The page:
BANGKOK - Thai anti-government protesters vowed to demonstrate again on Monday and forge ahead with a"people's coup" campaign to topple Prime Minister Yingluck Shinawatra, a day after battling riot police outside her fortified office compound.
The protesters had set Sunday as "Victory Day" to oust the government but failed to achieve their goal of seizing the prime minister's office at Government House or occupying state buildings, despite intense clashes with riot police.
Police mostly held their lines, firing repeated rounds of tear gas and using water cannons against 30,000 protesters, many of whom hurled rocks and petrol bombs. Yingluck was forced to flee a police compound to an undisclosed location.
It is the latest dramatic turn in a conflict pitting Bangkok's urban middle class and royalist elite against the mostly poor, rural supporters of Yingluck and her brother, Thaksin Shinawatra, a populist former prime minister ousted in a 2006 military coup.
Protest leader Suthep Thaungsuban said he met with Yingluck on Sunday but insisted there were no negotiations to end the worst political crisis since bloody political unrest in 2010. "I told Yingluck that if police put down their weapons, we will welcome them as they are also Thai," he told supporters late on Sunday. "I told Yingluck that this will be our only meeting and we will not meet again until the people win."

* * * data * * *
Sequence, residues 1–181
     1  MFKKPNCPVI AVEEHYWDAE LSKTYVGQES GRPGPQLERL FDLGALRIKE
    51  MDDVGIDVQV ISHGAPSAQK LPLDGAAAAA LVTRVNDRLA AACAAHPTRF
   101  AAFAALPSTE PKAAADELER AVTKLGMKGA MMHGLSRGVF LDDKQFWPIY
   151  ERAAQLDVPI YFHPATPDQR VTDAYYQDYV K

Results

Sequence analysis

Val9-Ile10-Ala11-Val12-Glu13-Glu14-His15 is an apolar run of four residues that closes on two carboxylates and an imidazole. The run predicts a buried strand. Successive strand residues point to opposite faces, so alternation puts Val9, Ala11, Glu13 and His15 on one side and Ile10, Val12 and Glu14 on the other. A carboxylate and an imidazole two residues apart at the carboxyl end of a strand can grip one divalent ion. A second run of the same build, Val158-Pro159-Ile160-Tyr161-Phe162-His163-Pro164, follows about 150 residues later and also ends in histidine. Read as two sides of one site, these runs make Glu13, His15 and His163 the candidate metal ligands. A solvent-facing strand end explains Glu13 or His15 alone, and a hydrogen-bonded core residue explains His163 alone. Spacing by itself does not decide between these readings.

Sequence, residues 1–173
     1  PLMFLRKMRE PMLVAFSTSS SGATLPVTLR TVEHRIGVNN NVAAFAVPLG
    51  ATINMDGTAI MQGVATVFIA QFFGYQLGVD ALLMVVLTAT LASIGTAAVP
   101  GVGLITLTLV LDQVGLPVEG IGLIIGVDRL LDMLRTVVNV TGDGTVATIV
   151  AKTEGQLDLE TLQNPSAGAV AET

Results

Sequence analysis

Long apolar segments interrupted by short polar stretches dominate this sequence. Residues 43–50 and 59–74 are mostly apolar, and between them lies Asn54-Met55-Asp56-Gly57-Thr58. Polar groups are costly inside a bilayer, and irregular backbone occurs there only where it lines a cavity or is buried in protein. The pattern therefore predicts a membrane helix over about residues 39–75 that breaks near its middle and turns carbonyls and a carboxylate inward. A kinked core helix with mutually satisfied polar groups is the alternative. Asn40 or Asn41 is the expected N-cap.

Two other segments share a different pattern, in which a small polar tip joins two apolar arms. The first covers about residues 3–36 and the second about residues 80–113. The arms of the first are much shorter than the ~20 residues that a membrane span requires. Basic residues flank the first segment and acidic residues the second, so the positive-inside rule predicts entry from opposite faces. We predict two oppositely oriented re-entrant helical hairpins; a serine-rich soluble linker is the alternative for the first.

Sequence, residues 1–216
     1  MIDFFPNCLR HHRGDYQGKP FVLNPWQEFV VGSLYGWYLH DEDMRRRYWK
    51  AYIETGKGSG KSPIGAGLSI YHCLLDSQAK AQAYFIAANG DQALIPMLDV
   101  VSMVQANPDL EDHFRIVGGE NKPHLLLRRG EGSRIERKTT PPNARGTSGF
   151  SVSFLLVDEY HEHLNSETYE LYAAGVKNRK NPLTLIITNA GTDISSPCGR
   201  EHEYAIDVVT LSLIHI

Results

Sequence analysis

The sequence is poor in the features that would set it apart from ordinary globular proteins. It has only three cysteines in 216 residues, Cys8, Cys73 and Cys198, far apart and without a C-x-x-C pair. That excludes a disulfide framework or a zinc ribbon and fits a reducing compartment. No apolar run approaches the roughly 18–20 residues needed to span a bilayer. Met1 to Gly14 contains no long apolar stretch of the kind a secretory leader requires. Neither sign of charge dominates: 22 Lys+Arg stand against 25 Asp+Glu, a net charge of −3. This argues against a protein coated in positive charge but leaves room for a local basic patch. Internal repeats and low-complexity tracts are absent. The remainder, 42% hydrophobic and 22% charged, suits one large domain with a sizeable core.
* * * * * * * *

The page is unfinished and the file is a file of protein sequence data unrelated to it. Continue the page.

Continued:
The meeting, he said, was arranged by the military, a powerful institution that has publicly taken sides against Thaksin-allied governments in previous political crises but which has expressed neutrality in the current conflict.
Suthep, 64, set a Tuesday deadline for Yingluck, 46, to step aside and repeated his call for civil servants to go on strike on Monday. "Stop working for the Thaksin regime and come out and protest," he said.
Several major universities announced closures on Monday, citing the safety of students. The government has urged people in Bangkok, a metropolis of 10 million, to stay indoors from 10 p.m. to 5 a.m.